Security Vendor Brings Data Leak Prevention to IPv6

Fidelis Security Systems adds support for IPv6 to target federal customers, but analysts say such support may be too much too soon for others.

Fidelis Security Systems has unveiled a new data leak prevention product with support for Internet Protocol Version 6; however, analysts are not convinced customers outside the federal government will bite on the functionality.

Fidelis is hoping the talk around the federal government's transition to IPv6 will spur adoption by other customers. The company released Version 4.2 of the Fidelis XPS (Extrusion Prevention System) Dec. 20. IPv6 is the successor of IPv4 and features a much larger address space and greater flexibility in assigning addresses. The new version of the data leak prevention product can operate in an IPv6 environment by processing, storing and displaying the new, longer URLs throughout the system as well as using its sensor to decode IPv6 packets.

Federal government agencies have been mandated by the U.S. Office of Management and Budget to support IPv6 by June 2008. Elsewhere, however, IPv6 adoption is expected to move more slowly. Gartner analyst Eric Ouellet said that IPv6 support is not high on the list of requirements for most organizations thinking about DLP (data leak prevention).

"In general, IPv6 is being viewed as an interesting capability that demonstrates a vendor understands the needs that leading-edge organizations may have, but it is not a capability that is regularly requested or factors in to a significant number of client final selection criteria for an overall DLP solution," he said.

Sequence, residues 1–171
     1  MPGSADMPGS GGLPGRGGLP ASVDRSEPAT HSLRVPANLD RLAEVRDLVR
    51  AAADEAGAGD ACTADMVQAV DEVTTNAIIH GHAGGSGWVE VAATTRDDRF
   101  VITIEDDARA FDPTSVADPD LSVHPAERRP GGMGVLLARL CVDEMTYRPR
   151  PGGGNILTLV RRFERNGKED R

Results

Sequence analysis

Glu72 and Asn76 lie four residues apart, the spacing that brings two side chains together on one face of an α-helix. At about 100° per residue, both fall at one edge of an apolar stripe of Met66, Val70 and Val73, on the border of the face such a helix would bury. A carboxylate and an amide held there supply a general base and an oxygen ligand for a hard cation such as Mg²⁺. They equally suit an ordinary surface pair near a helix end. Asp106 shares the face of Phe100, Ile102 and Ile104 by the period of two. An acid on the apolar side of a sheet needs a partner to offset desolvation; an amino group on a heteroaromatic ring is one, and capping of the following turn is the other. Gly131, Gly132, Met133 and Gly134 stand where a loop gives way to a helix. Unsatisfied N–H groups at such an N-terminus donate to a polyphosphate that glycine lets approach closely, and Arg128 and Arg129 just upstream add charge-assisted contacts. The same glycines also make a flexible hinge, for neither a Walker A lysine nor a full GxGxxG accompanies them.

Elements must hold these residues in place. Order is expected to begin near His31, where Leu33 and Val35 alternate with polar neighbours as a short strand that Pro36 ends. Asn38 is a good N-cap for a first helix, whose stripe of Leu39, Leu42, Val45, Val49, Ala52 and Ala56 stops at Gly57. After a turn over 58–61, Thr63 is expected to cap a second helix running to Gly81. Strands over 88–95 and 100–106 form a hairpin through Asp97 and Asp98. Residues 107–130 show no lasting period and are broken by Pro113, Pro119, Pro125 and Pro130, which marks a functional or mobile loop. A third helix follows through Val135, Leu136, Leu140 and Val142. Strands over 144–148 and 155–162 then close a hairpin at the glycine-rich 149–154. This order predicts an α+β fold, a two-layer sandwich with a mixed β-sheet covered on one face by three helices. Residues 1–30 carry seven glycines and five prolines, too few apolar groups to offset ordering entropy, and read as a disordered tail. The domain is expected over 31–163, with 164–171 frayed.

Analyst Eric Ogren, of the Ogren Group, seconded Ouellet's opinion, though he said Fidelis will likely find some takers in the federal government in response to the IPv6 mandate. But the IPv6 support may be ahead of its time, he said.

"Adoption of IPv6 is low because there simply is not a compelling need to change over yet," Ogren said. "Address space isn't quite enough [of a compelling reason to upgrade], and I believe Microsoft will not have much success pushing IPv6 when Longhorn comes out next year."


Read here what's driving the IPv6 impetus.

Still, David Etue, vice president of product management at Fidelis, is hopeful and said the lack of tools—particularly in the security space—supporting IPv6 is what is hindering adoption.

"Many organizations, particularly in the federal government, are very interested in deploying IPv6," he said. "IPv6 is a key buying criteria for federal customers—one of our core target markets. We also have customers in many markets from high tech to insurance to education to government. "

In addition to the support of IPv6, the new version of Fidelis XPS has the ability to block transmissions of data to customer-defined geographies and a host of additional enhancements to further simplify policy creation and alert management. Users can also block a communication channel based on the country where the source and/or destination IP address is registered, company officials said.

The granular control is only one potential differentiator: Others include the ability to thwart data leaks on all 65,535 ports and the product's gigabit-speed performance, Etue said.

Check out's Security Center for the latest security news, reviews and analysis. And for insights on security coverage around the Web, take a look at eWEEK's Security Watch blog.